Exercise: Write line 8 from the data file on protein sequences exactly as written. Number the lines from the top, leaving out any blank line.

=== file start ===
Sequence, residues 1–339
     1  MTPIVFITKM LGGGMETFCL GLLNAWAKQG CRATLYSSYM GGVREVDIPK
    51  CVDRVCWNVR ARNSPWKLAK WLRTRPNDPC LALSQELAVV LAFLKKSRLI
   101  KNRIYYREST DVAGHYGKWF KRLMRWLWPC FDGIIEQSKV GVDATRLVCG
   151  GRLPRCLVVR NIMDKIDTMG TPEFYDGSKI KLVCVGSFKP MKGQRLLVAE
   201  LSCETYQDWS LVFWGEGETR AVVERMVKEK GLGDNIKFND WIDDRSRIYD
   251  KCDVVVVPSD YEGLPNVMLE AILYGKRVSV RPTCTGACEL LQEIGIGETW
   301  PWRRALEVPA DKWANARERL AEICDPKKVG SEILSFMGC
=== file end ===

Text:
   301  PWRRALEVPA DKWANARERL AEICDPKKVG SEILSFMGC